Having a lifetime breast cancer risk over 20%, as calculated by a Breast Cancer Risk Assessment Tool (BRCAT), also suggests you should begin screening early. Prior to my diagnosis, I had never undergone this type of risk assessment, but I’ve since learned that my own lifetime risk was 33%, well above the national average of 13% and above the threshold for early screening. The National Cancer Institute provides an online version of this tool, which you can try at home. By sharing your results with your doctor, you can begin an important conversation about your risk level and find out whether you’re a candidate for early screening.

Dr. Winer adds that there’s another insidious way that you might be vulnerable to breast cancer without realizing it. He says that factors like race, financial status, education level, and even relationship status can all affect your prognosis—especially if you’re young. “Being anything other than a middle-to-upper-class, partnered white woman puts you at higher risk. If you are a 20-year-old Black woman, you have twice the risk of dying from breast cancer compared to a 20-year-old white woman,” Dr. Winer says, noting that this gap is most likely explained by inequitable access to screening and treatment, not biological differences. “That’s a shocking statistic, and one that speaks to how much work we have to do as a country,” he adds.

But Dr. Winer also offers cause for hope. “We are really making a lot of progress in research, and treatment is very different today than it was even 10 years ago,” he explains. “Our treatments are better, and mortality is down. We still have over 40,000 women dying from breast cancer each year, but there are 300,000 cases annually. Most women with breast cancer become long-term survivors.”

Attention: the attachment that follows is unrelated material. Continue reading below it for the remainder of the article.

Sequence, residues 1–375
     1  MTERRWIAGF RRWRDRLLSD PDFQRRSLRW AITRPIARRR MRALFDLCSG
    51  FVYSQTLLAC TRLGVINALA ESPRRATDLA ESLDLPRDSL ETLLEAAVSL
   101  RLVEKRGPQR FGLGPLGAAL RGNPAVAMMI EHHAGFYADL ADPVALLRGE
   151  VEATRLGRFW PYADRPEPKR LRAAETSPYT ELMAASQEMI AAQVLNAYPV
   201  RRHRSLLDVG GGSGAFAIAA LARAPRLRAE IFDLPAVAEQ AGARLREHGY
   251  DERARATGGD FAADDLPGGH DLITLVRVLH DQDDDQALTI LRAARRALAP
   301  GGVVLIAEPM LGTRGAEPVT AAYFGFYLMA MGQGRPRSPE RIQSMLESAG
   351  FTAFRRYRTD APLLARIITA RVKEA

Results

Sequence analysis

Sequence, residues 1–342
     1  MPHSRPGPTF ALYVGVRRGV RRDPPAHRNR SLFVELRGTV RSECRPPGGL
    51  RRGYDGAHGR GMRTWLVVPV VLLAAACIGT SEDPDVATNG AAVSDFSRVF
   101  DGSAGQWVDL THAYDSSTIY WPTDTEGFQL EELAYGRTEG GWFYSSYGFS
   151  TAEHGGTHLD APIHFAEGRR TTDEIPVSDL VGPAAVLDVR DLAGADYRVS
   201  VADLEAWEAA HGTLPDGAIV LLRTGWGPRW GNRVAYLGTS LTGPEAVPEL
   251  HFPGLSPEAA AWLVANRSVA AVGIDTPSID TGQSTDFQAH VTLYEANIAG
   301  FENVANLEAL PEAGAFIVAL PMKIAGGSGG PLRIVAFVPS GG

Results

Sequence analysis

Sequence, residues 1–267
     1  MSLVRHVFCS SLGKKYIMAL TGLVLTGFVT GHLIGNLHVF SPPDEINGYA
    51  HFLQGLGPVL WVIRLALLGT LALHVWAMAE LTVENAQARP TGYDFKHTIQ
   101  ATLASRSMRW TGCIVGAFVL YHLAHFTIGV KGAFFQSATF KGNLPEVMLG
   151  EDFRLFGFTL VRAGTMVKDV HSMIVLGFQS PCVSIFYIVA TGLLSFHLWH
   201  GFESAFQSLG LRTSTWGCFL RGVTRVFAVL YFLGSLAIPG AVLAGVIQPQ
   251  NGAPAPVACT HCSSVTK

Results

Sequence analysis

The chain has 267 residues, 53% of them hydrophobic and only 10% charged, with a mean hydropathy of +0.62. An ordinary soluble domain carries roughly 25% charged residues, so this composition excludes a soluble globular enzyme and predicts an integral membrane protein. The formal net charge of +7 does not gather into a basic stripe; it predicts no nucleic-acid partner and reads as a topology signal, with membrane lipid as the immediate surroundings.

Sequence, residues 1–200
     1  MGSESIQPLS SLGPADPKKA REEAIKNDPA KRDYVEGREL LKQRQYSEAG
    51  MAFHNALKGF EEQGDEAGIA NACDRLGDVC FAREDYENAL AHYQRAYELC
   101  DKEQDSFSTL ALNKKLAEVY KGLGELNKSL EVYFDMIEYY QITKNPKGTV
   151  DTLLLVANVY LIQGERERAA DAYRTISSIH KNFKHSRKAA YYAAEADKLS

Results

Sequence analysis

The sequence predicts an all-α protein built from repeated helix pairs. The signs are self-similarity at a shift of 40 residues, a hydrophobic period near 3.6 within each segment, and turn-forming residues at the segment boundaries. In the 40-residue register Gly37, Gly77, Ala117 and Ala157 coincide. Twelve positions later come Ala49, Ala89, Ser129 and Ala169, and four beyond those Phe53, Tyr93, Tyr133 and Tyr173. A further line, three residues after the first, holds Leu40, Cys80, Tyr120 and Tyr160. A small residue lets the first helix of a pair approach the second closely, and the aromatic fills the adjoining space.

“It’s hard to predict where it will be 10 years from now, but I think breast cancer is going to be one of the first cancers where we’re going to be able to say that we’ve virtually eliminated mortality,” Dr. Winer says.

For now, early detection is still one of the greatest tools we have in the fight against breast cancer. Everyone—but especially people at high medical risk and high risk of care disparities—should know the signs and symptoms, and be proactive and persistent in communicating any concerns they might have to their doctors.

I was lucky. Because my cancer was detected quickly, I was spared the most difficult forms of treatment. I was able to have a lumpectomy—a localized surgery to remove the tumor—rather than a mastectomy, which would have removed one or both of my breasts. I underwent radiation, but didn’t require chemotherapy as part of my treatment plan. I’ll continue to take a daily endocrine therapy medication for the next five to 10 years, but I have reason to believe the worst of this experience is behind me. My prognosis is, thankfully, very good.

While the majority of people under 40 don’t need to get annual screenings, it’s important to know if you do. I wish I had. Being aware of your risk level can improve your chances of a safer outcome in the unlikely event of an early diagnosis. Having gone through it myself, I know I’d do just about anything to improve those odds.

Related:

Originally Appeared on SELF